Using Twitter to Publicize Events

Dear Social Media Mama:

I’m wondering how to use Twitter in your business to publicize events? I can’t figure out how Twitter can be useful for event PR. It seems very unfocused and random.

In a Twitter Quandry

twitterDear Quandry:

Or should I say “Tuandry” as in Twitter + Quandry (just a little Twitter insider talk)

I can’t say outright that Twitter is great for publicizing events. That’s putting the onus on Twitter when in fact the power rests in how one uses Twitter, not in how the application itself works. But used as part of an overall, comprehensive social media strategy, Twitter is a key component to galvanize people, tap into word-of-mouth power, get some Googleability and encourage action.

Here’s why and how I use Twitter in the social media campaigns I conduct.

1. Twitter as Gateway

First and foremost, I see Twitter as an active gateway to lead people over to the places where you can provide more information about whatever it is you want to publicize. If it is an event, you can post regular links to event news and developments to keep your followers informed.

2. Twitter as Contacts Builder

Followers are the operative word when it comes to Twitter power. The more actively listening (and responding) followers you have, the more effective Twitter becomes as a marketing tool for your business. In my opinion, just having a lot of followers doesn’t necessarily spell “value” to a Twitterer although there is something to be said for the critical mass of 5-figure followers. The valuable followers are the ones who pay attention when you tweet and are more inclined than not to click on links you provide in your tweets.

3. Twitter as Connection Maker

If you aren’t participating in Twitter, you’re missing an important part of how Twitter works for marketing. It isn’t enough that you broadcast your news or auto-post your blog posts via Twitterfeed, for example. I do admit that I set up Twitter accounts for clients first with a Twitterfeed to establish a steady stream of content that naturally promotes the company or organization. But that can’t be everything. At some point, we begin to work in real interaction with followers to solidify those connections. It is not enough to hold up a megaphone. You have to be willing – and able – to engage in the conversation.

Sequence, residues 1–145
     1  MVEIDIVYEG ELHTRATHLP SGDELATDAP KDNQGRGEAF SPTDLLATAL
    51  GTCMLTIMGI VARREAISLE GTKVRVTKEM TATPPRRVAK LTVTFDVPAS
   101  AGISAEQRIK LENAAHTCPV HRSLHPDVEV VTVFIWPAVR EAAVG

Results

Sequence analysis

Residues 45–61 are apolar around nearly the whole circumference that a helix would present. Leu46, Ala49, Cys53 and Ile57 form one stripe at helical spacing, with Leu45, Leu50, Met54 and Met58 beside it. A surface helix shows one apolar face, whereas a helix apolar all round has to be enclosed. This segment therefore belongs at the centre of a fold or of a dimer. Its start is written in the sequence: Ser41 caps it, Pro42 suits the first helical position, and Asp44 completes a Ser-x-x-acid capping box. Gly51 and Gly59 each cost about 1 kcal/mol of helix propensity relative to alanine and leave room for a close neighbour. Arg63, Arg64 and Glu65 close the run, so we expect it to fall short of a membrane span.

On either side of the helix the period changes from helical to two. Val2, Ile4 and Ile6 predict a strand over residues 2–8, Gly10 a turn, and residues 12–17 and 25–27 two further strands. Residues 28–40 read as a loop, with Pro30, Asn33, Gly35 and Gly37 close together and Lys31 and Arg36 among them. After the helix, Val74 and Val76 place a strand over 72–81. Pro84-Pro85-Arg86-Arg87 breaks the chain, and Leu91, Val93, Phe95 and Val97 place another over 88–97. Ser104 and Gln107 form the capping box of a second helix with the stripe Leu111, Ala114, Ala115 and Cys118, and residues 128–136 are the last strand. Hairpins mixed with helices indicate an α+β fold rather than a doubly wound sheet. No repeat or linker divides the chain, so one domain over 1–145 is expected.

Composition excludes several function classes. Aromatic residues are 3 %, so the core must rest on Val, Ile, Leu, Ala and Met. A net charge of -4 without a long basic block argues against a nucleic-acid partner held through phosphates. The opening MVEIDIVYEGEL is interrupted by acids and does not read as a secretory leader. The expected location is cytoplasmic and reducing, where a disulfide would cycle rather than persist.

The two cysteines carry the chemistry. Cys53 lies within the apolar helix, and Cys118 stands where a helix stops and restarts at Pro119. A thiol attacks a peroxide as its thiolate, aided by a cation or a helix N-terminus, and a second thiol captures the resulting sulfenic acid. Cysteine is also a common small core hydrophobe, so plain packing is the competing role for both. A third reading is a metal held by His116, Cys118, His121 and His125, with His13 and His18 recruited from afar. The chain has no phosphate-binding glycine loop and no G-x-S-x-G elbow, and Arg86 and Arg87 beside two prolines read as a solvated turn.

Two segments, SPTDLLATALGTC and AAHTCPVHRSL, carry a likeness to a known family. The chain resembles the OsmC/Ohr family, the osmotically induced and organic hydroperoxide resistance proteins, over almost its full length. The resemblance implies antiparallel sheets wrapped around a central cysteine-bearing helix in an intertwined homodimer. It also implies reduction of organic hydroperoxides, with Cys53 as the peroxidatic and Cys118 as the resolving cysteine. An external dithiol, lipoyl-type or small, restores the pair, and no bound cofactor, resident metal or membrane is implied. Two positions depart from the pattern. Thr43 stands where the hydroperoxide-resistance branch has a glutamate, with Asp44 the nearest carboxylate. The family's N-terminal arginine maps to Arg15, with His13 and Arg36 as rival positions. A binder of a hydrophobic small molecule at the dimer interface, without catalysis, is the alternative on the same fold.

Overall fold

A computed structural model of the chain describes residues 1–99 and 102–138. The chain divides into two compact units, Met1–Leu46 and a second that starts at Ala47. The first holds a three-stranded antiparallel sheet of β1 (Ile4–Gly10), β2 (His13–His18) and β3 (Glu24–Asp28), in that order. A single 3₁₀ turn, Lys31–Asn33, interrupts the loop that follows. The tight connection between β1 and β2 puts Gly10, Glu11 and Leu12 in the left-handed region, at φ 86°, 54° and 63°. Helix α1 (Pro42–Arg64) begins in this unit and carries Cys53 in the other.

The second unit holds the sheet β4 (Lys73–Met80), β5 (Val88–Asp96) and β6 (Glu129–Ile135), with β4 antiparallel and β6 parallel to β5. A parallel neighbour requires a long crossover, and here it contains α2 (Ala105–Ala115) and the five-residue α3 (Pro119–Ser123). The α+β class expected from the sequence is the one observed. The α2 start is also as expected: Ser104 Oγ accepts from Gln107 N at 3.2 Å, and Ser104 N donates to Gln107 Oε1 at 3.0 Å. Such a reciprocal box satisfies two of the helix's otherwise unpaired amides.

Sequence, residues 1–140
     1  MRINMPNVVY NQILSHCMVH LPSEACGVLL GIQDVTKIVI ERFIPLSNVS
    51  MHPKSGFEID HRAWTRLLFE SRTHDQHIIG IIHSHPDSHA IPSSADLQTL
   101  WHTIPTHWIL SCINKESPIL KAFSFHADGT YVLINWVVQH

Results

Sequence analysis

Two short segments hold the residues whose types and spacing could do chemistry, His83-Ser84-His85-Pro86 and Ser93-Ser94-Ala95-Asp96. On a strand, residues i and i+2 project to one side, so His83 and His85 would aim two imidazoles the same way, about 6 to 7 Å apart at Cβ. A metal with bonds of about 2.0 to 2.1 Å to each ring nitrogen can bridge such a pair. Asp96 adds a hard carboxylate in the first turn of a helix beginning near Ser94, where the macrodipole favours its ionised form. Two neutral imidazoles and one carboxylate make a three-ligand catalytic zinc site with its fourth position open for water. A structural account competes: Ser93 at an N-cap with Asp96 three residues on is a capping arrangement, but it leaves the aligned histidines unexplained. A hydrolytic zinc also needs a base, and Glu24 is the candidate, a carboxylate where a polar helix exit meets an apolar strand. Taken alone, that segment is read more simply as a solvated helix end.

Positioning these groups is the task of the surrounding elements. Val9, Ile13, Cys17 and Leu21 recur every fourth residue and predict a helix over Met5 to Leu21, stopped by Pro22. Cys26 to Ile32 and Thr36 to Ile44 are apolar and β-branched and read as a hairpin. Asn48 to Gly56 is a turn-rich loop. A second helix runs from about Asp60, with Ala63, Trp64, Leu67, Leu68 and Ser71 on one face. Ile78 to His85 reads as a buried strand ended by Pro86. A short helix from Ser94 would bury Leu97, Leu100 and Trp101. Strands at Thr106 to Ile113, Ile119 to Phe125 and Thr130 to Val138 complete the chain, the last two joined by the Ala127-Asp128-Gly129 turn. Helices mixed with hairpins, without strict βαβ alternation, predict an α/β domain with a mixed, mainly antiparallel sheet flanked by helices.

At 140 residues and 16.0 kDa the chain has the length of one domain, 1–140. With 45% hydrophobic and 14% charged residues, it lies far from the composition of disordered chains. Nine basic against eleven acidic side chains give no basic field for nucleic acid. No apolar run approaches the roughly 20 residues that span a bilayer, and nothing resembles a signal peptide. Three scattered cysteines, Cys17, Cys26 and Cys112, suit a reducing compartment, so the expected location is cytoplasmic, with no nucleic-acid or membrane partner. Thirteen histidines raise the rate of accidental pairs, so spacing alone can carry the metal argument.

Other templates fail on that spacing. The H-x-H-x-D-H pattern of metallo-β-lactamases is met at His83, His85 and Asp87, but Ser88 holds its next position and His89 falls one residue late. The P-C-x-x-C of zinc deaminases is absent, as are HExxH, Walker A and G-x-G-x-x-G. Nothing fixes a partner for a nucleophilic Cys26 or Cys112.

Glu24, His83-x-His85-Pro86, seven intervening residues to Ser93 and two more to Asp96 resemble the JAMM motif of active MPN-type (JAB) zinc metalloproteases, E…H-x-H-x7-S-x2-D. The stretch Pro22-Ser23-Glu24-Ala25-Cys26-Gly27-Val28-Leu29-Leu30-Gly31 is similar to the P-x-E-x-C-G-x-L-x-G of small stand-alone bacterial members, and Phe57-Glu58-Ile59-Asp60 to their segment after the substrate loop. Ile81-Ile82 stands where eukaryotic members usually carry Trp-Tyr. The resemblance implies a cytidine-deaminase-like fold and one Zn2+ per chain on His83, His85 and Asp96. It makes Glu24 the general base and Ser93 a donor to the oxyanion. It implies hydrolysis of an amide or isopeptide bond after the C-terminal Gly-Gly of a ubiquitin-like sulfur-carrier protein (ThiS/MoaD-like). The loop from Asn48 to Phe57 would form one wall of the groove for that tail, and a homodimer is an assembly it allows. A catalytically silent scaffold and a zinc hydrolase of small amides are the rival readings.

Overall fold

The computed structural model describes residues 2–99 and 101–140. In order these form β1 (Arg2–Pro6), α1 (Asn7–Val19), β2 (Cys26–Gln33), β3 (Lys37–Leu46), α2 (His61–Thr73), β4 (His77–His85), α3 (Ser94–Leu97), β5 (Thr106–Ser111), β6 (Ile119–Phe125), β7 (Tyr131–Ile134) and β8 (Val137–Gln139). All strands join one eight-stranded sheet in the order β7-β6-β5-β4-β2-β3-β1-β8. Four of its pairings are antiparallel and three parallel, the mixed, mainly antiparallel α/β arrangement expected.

4. Twitter as Brain Tickler

When it comes to marketing an event online, the richer tools are your web site, your blog and even Facebook Events. Twitter should be in the mix as a way of reminding followers what is coming up on your events calendar. Because of Twitter’s built in messaging limitations, you’ll never be able to convey everything someone needs to know about attending your event, but you can lead them to the places where they can engage, explore, register or at least leave their email address for more indepth contact.

5. Twitter as Event Broadcaster

Twitter’s marketing juice doesn’t end when your events begin. Don’t forget to Twitter your events. Have folks on hand with live access to Twitter (via mobile, via wifi) who can tweet bon mots from presenters at the event or to give pithy yet information blow-by-blows of the goings on. But be forewarned: Twitter can be both overwhelming to the Twitterer and to the Follower. Let your followers know in advance what is going on and remind them periodically so they can choose to tune in or tune out. If you are going to tweet events regularly, consider setting up an events-only Twitter account but don’t do this until you’ve hit some good Follower numbers to warrant splitting your audience.

Overall, Twitter can’t be anything more than what you put into it. Like all social media tools, it takes a attention, commitment and participation to be of real value.

How are YOU using Twitter in events promotions? Or are you?

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2 responses to “Using Twitter to Publicize Events

  1. I had great success using Twitter at the last PubCon Conference. It was especially powerful and effective as an event broadcaster. In my case, a way to broadcast and connect users to the conference and the events going on in the evening, after the sessions were over.

  2. Pingback: 5 Steps to Rock Your Event Marketing via Twitter | Socialtrakr

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